Eric Goldman, “A Privacy Bomb Is About to Be Dropped on the California Economy and the Global Internet”:
By tomorrow, the California legislature likely will pass a sweeping, lengthy, overly-complicated, and poorly-constructed privacy law that will have ripple effects throughout the world. While not quite as comprehensive as the GDPR, it copies some aspects of the GDPR and will squarely impact every Internet service in California (some of whom may be not currently be complying GDPR due to their US-only operations). The GDPR took 4 years to develop; in contrast, the California legislature will spend a grand total of 7 days working on this major bill. It’s such a short turnaround that most stakeholders won’t have a chance to participate in the legislative proceedings. So the Internet is likely to change radically tomorrow, and most people have no clue what’s coming or any voice in the process.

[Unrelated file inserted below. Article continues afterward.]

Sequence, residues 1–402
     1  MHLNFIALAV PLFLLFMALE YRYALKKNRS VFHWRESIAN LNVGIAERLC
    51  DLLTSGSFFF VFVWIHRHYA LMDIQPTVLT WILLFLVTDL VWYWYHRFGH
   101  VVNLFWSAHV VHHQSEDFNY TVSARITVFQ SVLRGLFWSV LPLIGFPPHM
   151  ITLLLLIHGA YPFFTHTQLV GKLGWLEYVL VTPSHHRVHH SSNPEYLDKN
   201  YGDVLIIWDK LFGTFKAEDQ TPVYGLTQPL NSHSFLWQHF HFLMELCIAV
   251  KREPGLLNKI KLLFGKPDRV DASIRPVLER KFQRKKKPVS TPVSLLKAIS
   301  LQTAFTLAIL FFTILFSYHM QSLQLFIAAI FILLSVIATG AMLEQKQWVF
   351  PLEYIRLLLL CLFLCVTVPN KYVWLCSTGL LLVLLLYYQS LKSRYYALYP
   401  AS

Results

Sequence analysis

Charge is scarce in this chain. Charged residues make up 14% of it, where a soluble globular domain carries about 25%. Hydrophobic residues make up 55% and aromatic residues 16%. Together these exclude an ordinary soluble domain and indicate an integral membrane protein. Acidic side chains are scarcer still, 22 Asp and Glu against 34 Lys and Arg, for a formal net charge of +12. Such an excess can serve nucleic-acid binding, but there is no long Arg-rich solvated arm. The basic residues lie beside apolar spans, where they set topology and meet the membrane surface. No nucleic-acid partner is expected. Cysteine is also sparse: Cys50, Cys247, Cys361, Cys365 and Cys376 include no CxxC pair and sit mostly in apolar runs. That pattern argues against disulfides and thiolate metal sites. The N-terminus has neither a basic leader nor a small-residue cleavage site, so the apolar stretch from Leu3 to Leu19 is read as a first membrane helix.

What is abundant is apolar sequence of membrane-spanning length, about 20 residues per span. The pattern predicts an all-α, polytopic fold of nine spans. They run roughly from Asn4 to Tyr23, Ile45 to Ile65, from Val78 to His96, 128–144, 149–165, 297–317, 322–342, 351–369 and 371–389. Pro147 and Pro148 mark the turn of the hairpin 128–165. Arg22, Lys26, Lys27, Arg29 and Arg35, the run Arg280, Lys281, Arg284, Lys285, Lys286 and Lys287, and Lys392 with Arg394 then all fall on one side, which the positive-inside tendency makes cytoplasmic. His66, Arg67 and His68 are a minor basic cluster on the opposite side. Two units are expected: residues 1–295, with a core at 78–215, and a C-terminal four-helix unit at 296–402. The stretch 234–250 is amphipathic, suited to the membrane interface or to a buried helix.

As bad as this sounds, the legislature’s passage of the bill is likely the GOOD outcome in this scenario. What could be worse?
Read on in the post for a discussion of the peculiar dangers of the contemporary California initiative process. And as predicted, the bill did pass, unanimously [Issie Lapowsky, Wired]